The sun is shining, the Thursday weather is sweet, John Doyle is a tangled web of grey and misery. He's been like this all week but then again, that's to be expected. Of all the iconic images that came through in warm and brilliant colour last Sunday, the picture that will loiter in memory is a cold one – namely Doyle slumped to his knees, a broken man so distraught that Daniel McCartan came over and sat with him for a little while. But if you're wondering what the Down corner-back said to the Kildare captain, you won't find out here. In fact Doyle has been wondering himself because not one of the consoling words registered.
How different it might have been. Early last Sunday morning before Doyle left his home in Allenwood, he set his Sky player to record The Sunday Game Live. It wasn't out of arrogance, just hope. He did the same before the Meath quarter-final, savoured it all again when he got home and the next day, when his father called around for a cup of tea, he gave it another airing. But he hasn't once had the courage to press the play button this time. "I will some day," he sighs. "The wounds are still raw but maybe some night when I'm sitting at home on my own and there's nothing on, I might take a look and see the missed chances and the square ball and the shot that hit the bar because I haven't seen a single replay of any of it. And right now I don't want to."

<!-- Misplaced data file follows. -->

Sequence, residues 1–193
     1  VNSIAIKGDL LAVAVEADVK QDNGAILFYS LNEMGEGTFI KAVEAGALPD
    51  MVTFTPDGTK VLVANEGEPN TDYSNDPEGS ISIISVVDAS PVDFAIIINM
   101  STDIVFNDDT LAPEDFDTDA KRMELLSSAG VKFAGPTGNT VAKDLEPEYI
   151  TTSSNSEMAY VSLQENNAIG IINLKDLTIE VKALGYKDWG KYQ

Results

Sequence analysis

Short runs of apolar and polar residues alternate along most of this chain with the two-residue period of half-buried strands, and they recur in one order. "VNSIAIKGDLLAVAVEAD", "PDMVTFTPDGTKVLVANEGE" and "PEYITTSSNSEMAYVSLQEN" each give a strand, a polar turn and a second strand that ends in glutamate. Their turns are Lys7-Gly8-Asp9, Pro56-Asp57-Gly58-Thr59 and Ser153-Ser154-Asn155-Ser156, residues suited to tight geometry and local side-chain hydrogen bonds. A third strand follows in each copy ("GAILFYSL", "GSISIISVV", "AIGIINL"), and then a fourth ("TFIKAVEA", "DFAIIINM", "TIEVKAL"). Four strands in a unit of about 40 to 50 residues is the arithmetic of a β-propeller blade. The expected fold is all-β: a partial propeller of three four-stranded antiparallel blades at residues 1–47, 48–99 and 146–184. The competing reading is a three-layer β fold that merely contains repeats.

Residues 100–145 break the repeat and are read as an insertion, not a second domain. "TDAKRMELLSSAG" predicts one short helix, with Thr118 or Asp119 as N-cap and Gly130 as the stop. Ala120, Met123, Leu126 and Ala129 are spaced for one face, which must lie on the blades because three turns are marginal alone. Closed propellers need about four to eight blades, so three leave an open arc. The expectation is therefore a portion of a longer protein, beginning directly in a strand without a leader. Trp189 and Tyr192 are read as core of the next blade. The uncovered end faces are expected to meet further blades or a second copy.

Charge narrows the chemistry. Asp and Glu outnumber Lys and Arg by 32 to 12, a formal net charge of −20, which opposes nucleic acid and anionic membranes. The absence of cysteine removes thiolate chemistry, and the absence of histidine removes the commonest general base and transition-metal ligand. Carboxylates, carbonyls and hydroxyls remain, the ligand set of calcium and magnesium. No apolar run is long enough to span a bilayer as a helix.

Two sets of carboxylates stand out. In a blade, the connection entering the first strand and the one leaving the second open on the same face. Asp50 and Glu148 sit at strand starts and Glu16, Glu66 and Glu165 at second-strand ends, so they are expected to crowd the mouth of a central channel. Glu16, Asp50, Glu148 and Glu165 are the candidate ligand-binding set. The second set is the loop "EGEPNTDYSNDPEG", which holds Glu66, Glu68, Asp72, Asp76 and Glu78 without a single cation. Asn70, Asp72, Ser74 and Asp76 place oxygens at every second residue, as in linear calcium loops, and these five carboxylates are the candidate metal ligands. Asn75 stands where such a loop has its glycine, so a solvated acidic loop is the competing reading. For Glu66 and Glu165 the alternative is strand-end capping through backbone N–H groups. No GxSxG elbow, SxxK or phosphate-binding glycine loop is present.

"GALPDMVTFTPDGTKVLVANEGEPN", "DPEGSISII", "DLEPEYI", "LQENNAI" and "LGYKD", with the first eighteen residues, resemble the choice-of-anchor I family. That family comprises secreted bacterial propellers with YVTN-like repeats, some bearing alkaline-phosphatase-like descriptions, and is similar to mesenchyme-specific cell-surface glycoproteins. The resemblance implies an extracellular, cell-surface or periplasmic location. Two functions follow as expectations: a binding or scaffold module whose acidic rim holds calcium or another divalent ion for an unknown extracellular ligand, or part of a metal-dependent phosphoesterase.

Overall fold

In an era of muscular and manufactured Kildare footballers, Doyle is different. He's sitting in a Naas hotel with the cut of a jockey – the sharp, gaunt edges slumped deep into a chair as if he's fallen off the horse one time too many. He tries to remain engaging as the locals commiserate. "Everywhere you go you know it's going to be the same conversation. It might seem a bad thing to say and it's not a death but there are similarities. You are in mourning and at some stage you'll look back and say there were positives. But right now it's impossible to see beyond the fact we were beaten. It feels like a death. It really does."
As he claws his way through the twisted metal, he says the worst part was that there had been no illness before this passing. After the Louth loss in June, all Kildare needed was to push harder and Doyle even found himself one day in Carton House kicking balls with Ronan O'Gara to see if there was any way he could improve. He did. The team did. Even those surrounding the team did. In the days before the semi-final, he got a call from his wife Siobhán asking had he eaten and when he said he had had lasagne, she gave out saying that wasn't the right kind of food. It all meant that, come last Sunday, they were the momentum team. In the build up to it, he tried to stay grounded but occasionally found himself "tipping along in the car thinking maybe, just this one time, it'll be our year".